Treatment Bronchitis_section_3

One form of prevention is to avoid smoking and other lung irritants. Bronchitis_sentence_42

Frequent hand washing may also be protective. Bronchitis_sentence_43

Treatment for acute bronchitis usually involves rest, paracetamol (acetaminophen), and NSAIDs to help with the fever. Bronchitis_sentence_44

Cough medicine has little support for its use, and is not recommended in children under the age of six. Bronchitis_sentence_45

There is tentative evidence that salbutamol may be useful in treating wheezing; however, it may result in nervousness and tremors. Bronchitis_sentence_46

Antibiotics should generally not be used. Bronchitis_sentence_47

An exception is when acute bronchitis is due to pertussis. Bronchitis_sentence_48

Tentative evidence supports honey and pelargonium to help with symptoms. Bronchitis_sentence_49

Getting plenty of rest and drinking enough fluids are often recommended as well. Bronchitis_sentence_50

Chinese medicinal herbs are of unclear effect. Bronchitis_sentence_51

Epidemiology Bronchitis_section_4

Acute bronchitis is one of the most common diseases. Bronchitis_sentence_52

About 5% of adults are affected, and about 6% of children have at least one episode a year. Bronchitis_sentence_53

It occurs more often in the winter. Bronchitis_sentence_54

More than 10 million people in the US visit a doctor each year for this condition, with about 70% receiving antibiotics which are mostly not needed. Bronchitis_sentence_55

There are efforts to decrease the use of antibiotics in acute bronchitis. Bronchitis_sentence_56

Acute bronchitis is the most common type of bronchitis. Bronchitis_sentence_57

Chronic bronchitis Bronchitis_section_5

See also: Chronic obstructive pulmonary disease Bronchitis_sentence_58

Chronic bronchitis is defined as a productive cough that lasts for three months or more per year for at least two years. Bronchitis_sentence_59

When this occurs together with decreased airflow it is known as chronic obstructive pulmonary disease (COPD). Bronchitis_sentence_60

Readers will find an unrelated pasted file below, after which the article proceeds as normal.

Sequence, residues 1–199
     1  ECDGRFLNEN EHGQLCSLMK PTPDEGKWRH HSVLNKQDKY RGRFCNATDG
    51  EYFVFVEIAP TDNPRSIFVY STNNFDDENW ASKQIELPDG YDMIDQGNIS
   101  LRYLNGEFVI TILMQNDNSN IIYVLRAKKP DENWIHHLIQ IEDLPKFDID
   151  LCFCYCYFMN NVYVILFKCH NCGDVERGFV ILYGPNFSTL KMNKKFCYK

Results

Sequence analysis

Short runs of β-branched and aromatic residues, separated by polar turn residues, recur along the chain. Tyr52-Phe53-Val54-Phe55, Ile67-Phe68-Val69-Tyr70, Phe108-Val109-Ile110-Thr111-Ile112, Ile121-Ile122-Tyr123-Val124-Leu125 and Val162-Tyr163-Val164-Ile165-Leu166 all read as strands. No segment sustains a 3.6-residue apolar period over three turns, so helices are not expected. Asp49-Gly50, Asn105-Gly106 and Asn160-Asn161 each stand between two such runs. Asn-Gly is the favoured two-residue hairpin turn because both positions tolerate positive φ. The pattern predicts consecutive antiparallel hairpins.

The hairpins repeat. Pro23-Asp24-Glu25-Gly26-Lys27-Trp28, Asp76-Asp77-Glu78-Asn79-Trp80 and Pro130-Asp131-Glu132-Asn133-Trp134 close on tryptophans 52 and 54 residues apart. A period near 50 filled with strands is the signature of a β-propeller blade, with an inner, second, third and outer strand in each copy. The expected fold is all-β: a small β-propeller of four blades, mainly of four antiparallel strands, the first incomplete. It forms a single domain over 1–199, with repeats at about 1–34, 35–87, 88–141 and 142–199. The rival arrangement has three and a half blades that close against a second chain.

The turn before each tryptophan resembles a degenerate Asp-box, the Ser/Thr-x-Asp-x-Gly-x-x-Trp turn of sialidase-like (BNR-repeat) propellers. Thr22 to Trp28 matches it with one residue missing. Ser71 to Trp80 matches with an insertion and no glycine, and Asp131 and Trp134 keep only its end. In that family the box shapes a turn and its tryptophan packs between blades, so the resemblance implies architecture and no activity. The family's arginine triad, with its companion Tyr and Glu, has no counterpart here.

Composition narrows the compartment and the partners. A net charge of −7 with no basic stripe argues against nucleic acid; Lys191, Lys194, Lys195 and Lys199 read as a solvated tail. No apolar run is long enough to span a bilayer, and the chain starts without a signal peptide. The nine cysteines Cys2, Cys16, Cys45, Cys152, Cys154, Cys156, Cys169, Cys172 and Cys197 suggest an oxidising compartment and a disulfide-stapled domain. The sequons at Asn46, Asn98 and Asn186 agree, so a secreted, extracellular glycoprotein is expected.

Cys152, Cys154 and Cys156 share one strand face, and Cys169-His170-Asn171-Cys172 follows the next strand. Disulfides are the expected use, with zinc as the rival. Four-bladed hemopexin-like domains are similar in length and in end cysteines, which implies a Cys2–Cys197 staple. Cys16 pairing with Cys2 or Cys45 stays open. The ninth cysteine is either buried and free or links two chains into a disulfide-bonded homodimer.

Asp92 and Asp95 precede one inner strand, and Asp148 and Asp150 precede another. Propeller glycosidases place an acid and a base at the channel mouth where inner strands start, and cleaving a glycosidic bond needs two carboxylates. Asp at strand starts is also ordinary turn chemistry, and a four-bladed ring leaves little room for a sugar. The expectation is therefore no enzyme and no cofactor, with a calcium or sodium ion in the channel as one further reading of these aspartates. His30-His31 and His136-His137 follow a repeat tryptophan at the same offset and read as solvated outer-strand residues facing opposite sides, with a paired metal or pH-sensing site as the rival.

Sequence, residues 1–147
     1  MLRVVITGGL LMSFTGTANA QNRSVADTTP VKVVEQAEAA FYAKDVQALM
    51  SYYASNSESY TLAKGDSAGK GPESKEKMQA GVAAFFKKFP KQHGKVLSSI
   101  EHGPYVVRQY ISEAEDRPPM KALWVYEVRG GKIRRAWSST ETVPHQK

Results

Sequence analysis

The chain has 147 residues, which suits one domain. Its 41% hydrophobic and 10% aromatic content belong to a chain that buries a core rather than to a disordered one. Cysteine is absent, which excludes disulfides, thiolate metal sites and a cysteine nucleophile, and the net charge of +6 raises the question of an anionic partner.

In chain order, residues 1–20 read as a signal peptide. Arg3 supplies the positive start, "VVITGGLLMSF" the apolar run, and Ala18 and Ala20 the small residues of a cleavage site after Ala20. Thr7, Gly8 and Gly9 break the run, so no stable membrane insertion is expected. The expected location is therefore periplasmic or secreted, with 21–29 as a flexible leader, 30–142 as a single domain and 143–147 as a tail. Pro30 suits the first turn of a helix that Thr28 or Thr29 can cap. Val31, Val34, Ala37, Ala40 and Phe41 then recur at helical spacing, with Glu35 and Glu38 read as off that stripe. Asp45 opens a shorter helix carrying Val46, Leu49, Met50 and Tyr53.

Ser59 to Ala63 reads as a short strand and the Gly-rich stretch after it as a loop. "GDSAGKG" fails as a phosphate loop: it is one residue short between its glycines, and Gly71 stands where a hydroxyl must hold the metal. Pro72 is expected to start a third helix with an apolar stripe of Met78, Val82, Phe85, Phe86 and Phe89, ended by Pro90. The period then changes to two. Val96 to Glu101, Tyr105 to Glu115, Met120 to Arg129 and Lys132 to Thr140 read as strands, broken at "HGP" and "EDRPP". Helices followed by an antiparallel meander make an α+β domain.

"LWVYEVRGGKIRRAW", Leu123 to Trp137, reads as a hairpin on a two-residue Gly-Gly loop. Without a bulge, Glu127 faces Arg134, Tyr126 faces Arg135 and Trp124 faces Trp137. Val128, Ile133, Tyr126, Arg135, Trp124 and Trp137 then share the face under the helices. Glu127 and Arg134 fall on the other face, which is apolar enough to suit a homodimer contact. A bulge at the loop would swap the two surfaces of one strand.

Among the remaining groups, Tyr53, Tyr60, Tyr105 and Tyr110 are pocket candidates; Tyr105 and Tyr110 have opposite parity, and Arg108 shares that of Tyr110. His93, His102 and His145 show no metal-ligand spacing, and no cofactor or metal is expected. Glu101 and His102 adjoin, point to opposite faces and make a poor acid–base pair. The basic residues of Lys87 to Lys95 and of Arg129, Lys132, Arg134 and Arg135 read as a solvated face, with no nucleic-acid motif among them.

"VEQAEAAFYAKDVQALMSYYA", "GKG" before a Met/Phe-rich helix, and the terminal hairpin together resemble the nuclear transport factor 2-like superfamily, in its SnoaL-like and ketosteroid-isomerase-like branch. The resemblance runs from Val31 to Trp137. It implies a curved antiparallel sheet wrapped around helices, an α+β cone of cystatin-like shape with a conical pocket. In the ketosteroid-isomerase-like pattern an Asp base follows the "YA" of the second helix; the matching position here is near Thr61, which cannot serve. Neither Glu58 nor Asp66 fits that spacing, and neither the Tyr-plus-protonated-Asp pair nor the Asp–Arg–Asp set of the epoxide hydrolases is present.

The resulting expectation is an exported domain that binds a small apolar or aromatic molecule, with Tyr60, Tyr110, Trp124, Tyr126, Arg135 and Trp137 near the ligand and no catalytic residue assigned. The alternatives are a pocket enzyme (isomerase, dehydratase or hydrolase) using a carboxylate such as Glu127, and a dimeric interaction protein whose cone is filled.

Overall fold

Many people with chronic bronchitis have COPD however, most people with COPD do not have chronic bronchitis. Bronchitis_sentence_61

Estimates of the number of people with COPD who have chronic bronchitis are 7 to 40%. Bronchitis_sentence_62

Estimates of the number of people who smoke and have chronic bronchitis who also have COPD is 60%. Bronchitis_sentence_63

The term "chronic bronchitis" was used in previous definitions of COPD but is no longer included in the definition. Bronchitis_sentence_64

The term is still used clinically. Bronchitis_sentence_65

While both chronic bronchitis and emphysema are often associated with COPD, neither is needed to make the diagnosis. Bronchitis_sentence_66

A Chinese consensus commented on symptomatic types of COPD that include chronic bronchitis and with frequent exacerbations. Bronchitis_sentence_67

Chronic bronchitis is a respiratory disease marked by overproduction of mucus and mucins. Bronchitis_sentence_68

The excess mucus is produced by goblet cells and enlarged submucosal glands in response to long-term irritation. Bronchitis_sentence_69

The mucous glands in the submucosa secrete more than the goblet cells. Bronchitis_sentence_70

Mucins thicken mucus, and their concentration has been found to be high in cases of chronic bronchitis, and also to correlate with the severity of the disease. Bronchitis_sentence_71

Excess mucus can narrow the airways, thereby limiting airflow and accelerating the decline in lung function, and result in COPD. Bronchitis_sentence_72

Excess mucus shows itself as a chronic productive cough and its severity and volume of sputum can fluctuate in periods of acute exacerbations. Bronchitis_sentence_73

In COPD, those with the chronic bronchitic phenotype with associated chronic excess mucus, experience a worse quality of life than those without. Bronchitis_sentence_74

The increased secretions are initially cleared by coughing. Bronchitis_sentence_75

The cough is often worse soon after awakening, and the sputum produced may have a yellow or green color and may be streaked with specks of blood. Bronchitis_sentence_76

In the early stages, a cough can maintain mucus clearance. Bronchitis_sentence_77

However, with continued excessive secretion, mucus clearance is impaired and when the airways become obstructed a cough becomes ineffective. Bronchitis_sentence_78

Effective mucociliary clearance depends on airway hydration, ciliary beating, and the rates of mucin secretion. Bronchitis_sentence_79

Each of these factors is impaired in chronic bronchitis. Bronchitis_sentence_80

Chronic bronchitis can lead to a higher number of exacerbations and a faster decline in lung function. Bronchitis_sentence_81

The ICD-11 lists chronic bronchitis with emphysema (emphysematous bronchitis) as a "certain specified COPD". Bronchitis_sentence_82

Cause Bronchitis_section_6